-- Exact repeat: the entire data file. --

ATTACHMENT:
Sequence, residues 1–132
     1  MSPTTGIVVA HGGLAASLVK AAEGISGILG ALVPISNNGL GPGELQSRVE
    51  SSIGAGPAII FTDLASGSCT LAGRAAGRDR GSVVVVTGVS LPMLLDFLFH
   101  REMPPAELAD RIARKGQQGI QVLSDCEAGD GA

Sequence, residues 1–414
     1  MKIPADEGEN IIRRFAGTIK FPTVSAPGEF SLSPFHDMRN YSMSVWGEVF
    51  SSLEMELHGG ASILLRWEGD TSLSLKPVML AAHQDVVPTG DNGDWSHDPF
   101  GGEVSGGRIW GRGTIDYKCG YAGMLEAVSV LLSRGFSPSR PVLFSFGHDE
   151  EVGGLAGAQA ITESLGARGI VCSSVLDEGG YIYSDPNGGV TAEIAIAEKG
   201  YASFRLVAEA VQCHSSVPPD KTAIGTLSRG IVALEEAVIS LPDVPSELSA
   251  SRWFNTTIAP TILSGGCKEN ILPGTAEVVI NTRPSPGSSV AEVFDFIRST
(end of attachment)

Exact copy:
Sequence, residues 1–132
     1  MSPTTGIVVA HGGLAASLVK AAEGISGILG ALVPISNNGL GPGELQSRVE
    51  SSIGAGPAII FTDLASGSCT LAGRAAGRDR GSVVVVTGVS LPMLLDFLFH
   101  REMPPAELAD RIARKGQQGI QVLSDCEAGD GA

Sequence, residues 1–414
     1  MKIPADEGEN IIRRFAGTIK FPTVSAPGEF SLSPFHDMRN YSMSVWGEVF
    51  SSLEMELHGG ASILLRWEGD TSLSLKPVML AAHQDVVPTG DNGDWSHDPF
   101  GGEVSGGRIW GRGTIDYKCG YAGMLEAVSV LLSRGFSPSR PVLFSFGHDE
   151  EVGGLAGAQA ITESLGARGI VCSSVLDEGG YIYSDPNGGV TAEIAIAEKG
   201  YASFRLVAEA VQCHSSVPPD KTAIGTLSRG IVALEEAVIS LPDVPSELSA
   251  SRWFNTTIAP TILSGGCKEN ILPGTAEVVI NTRPSPGSSV AEVFDFIRST